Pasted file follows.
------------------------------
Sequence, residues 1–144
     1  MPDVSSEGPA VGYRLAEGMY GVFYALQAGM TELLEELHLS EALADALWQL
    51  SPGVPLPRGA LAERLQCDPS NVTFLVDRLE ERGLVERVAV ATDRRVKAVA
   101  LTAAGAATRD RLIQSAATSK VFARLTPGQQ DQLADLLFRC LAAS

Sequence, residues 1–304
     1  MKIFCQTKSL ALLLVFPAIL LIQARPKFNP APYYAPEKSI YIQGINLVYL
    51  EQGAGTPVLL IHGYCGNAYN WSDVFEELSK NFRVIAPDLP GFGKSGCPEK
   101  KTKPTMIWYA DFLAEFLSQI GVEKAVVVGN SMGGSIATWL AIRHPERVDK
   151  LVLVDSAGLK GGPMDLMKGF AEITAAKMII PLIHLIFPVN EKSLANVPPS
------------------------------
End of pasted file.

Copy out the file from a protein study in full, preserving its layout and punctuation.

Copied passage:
Sequence, residues 1–144
     1  MPDVSSEGPA VGYRLAEGMY GVFYALQAGM TELLEELHLS EALADALWQL
    51  SPGVPLPRGA LAERLQCDPS NVTFLVDRLE ERGLVERVAV ATDRRVKAVA
   101  LTAAGAATRD RLIQSAATSK VFARLTPGQQ DQLADLLFRC LAAS

Sequence, residues 1–304
     1  MKIFCQTKSL ALLLVFPAIL LIQARPKFNP APYYAPEKSI YIQGINLVYL
    51  EQGAGTPVLL IHGYCGNAYN WSDVFEELSK NFRVIAPDLP GFGKSGCPEK
   101  KTKPTMIWYA DFLAEFLSQI GVEKAVVVGN SMGGSIATWL AIRHPERVDK
   151  LVLVDSAGLK GGPMDLMKGF AEITAAKMII PLIHLIFPVN EKSLANVPPS